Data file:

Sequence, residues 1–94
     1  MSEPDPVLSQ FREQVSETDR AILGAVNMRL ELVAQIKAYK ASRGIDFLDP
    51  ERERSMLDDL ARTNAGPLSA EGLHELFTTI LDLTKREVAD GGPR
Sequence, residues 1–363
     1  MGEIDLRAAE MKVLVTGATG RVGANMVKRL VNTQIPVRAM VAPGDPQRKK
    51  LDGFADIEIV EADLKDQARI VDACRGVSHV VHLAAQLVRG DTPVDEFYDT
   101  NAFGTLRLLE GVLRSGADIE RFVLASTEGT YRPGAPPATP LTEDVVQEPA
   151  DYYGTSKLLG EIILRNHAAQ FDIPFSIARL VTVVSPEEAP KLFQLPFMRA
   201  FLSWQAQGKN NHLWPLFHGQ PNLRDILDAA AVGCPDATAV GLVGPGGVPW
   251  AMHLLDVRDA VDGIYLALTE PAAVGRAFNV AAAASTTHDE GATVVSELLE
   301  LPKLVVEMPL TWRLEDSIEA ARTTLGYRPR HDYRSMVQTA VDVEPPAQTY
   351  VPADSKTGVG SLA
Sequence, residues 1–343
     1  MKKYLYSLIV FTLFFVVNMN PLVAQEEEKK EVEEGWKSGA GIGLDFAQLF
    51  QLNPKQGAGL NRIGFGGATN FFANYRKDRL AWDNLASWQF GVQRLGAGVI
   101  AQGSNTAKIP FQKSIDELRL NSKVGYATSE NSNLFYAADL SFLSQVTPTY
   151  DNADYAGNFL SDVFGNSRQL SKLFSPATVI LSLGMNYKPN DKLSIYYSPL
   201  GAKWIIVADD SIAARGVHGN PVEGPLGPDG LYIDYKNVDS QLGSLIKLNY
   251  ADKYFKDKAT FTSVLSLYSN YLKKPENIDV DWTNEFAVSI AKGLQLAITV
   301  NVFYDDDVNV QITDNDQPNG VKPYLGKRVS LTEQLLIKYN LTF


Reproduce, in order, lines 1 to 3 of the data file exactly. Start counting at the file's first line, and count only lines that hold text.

Sequence, residues 1–94
     1  MSEPDPVLSQ FREQVSETDR AILGAVNMRL ELVAQIKAYK ASRGIDFLDP
    51  ERERSMLDDL ARTNAGPLSA EGLHELFTTI LDLTKREVAD GGPR